•  Concrete often has contaminants (like metal shavings or even paint), which can lead to further issues like rust or corrosion that won’t be addressed until it’s sanded out of existence. 
  • In addition to giving a facelift to your cracked and chipped sidewalk, the process also helps harden the surface by removing excess moisture and rebinding the old material together. Plus, when combined with other processes such as acid washing, etching primer/sealer into the cracks after drying gives a stronger adhesion between each layer, so water doesn’t seep through easily.

Method to sand concrete with a sander.

Some different methods and technologies can be used to sand concrete. Some of these include using sanders, vibrating tools, and power grinders. The type of machine you choose will depend on the type of material you’re working with and how smooth you want your finished product to be. For example, suppose you’re applying an acrylic finish or painting over your concrete floors.

In that case, it’s best to use a vibrating sander as it does not remove any materials from your surface (and helps prevent scratches). If you’re removing old paint or residue from your concrete floor, an orbital sander may work better for you since it will strip away old paint layers and help even out uneven concrete surfaces.

Safety Consideration

When sanding concrete with a sander, you should always wear protective eyewear, including safety goggles and face shields. The grit from concrete can scratch or chip your eyes if it gets into them. If you have respiratory problems or allergies, wear an N95 mask to avoid breathing in any dust kicked up during sanding. Standing for long periods is also physically exhausting. Be sure to take frequent breaks and drink plenty of water throughout your day.

Tips to sand concrete with a sander.

There are some things you should know before using your sander on concrete. 

  • The first is that even if you’re not planning on sanding for too long, ensure your sander has sufficient charge in its battery. There’s nothing worse than running out of power mid-job and having to break apart your workpiece so that you can get back up and running again. 
  • Another important tip is to use an anti-static wrist strap when sanding on concrete. You don’t want any electrically charged particles attached to your clothing and then transferred onto anything else you touch, like metal or glass surfaces (or people!). Take precautions to keep everything clean and safe!
  • A skim coat is typically made from cement, water, and aggregate (in other words, sand). To create the layer of skim coat material needed for effective coverage, it’s best to apply it over small areas at once. If this material dries out before being used, it becomes very difficult to spread evenly across the surface area desired.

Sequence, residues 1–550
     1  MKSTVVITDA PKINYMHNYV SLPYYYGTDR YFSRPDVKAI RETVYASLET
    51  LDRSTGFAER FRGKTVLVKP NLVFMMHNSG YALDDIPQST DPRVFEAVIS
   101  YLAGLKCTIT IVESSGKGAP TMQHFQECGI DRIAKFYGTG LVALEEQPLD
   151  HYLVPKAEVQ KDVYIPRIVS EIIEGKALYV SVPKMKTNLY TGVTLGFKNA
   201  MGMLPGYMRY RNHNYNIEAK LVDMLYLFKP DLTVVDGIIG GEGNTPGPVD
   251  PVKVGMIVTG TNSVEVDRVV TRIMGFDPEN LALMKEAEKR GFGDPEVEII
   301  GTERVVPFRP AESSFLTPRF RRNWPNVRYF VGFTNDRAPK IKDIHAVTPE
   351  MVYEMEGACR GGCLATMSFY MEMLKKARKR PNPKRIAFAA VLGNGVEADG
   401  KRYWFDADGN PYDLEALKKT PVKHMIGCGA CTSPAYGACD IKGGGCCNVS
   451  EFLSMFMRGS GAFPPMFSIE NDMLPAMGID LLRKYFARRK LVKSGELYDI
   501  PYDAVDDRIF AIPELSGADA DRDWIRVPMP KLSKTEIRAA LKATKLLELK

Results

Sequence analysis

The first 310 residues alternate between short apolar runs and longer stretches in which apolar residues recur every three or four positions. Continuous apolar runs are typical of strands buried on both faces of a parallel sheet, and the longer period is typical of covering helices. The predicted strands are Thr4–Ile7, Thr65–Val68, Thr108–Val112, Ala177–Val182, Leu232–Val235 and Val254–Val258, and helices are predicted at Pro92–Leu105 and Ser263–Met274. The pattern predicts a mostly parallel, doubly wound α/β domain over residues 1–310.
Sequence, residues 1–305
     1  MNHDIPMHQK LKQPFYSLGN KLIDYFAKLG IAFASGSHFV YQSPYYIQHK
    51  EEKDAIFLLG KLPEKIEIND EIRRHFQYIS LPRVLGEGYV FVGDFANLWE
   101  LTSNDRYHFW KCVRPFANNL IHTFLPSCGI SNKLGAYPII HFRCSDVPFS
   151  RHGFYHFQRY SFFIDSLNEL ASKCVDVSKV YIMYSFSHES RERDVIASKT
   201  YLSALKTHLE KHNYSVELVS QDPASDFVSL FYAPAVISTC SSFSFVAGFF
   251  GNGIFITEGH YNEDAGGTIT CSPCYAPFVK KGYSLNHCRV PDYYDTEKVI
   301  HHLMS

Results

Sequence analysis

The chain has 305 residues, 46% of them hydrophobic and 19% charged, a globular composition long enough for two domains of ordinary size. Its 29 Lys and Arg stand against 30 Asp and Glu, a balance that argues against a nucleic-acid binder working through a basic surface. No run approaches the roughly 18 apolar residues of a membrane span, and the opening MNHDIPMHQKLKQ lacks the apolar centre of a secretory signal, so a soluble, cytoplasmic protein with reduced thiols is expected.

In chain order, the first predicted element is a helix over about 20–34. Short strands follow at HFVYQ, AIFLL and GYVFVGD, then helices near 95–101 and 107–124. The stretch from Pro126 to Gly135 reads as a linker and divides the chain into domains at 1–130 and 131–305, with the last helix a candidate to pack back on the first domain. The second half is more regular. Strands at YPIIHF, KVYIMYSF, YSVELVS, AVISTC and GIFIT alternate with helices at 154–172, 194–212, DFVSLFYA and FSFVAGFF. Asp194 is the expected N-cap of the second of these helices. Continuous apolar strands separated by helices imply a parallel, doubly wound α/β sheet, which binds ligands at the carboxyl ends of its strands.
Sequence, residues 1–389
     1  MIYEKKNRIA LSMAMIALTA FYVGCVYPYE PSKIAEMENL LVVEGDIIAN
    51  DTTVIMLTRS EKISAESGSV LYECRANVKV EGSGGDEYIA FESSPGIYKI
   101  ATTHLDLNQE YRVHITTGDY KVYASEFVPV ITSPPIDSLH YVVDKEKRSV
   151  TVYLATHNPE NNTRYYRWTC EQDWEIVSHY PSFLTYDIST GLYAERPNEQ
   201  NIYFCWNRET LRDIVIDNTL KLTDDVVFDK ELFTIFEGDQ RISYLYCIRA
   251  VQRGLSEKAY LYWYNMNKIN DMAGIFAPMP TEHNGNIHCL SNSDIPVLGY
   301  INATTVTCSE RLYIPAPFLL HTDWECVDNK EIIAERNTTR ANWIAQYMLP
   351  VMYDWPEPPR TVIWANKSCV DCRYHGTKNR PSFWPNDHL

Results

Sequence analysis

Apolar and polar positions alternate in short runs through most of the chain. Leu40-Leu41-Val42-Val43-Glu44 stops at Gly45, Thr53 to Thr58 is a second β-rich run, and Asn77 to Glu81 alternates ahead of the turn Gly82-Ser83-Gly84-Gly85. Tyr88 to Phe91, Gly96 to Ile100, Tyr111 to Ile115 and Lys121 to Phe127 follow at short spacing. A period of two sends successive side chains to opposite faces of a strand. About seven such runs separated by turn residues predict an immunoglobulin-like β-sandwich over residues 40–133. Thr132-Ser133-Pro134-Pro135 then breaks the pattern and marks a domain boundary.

• Always be careful when working with heavy pieces of machinery such as a sander around small children or pets. Be aware of potential hazards and wear appropriate safety gear while performing these tasks! 
  •  If you feel like you need some extra power, invest in an air compressor. This will allow you to run your sander for extended periods without worrying about recharging or stopping frequently.

Things to Avoid

 sand concrete with a sander

Using too much water, not enough water, or letting it dry too quickly. The best way to go about sanding concrete is like any other wood project—take your time and use as few tools as possible. Treat it more like refinishing furniture than construction work; you should do just fine.

1. Avoid sanding concrete without Glasses

Thousands of people injure their eyes each year by not wearing safety glasses. If you’re doing your sanding and don’t want to be one of them, remember that a pair of safety glasses is always better than no pair. Even if you have vision problems, it’s much safer to wear safety glasses when working with concrete or other dust-producing projects.

If you want an extra layer of protection for your eyes, try using clear dust masks for eye protection when working in high dust environments like concrete.

2. Always sweep up excess dust before sanding.

Dust left on your floor after you sweep or vacuum can get sucked into your sander and clog it, slowing or even stopping it. Make sure you leave no dust behind before moving on to sanding. If any dust is visible, use a brush or broom to clean it up.

If the sander starts feeling heavy as you over an area of the concrete, stop and take care of the problem. Otherwise, you may end up with unevenly sanded concrete areas in different stages of roughness due to too much pressure from the machine.

3. Keep the sander clean and in good condition.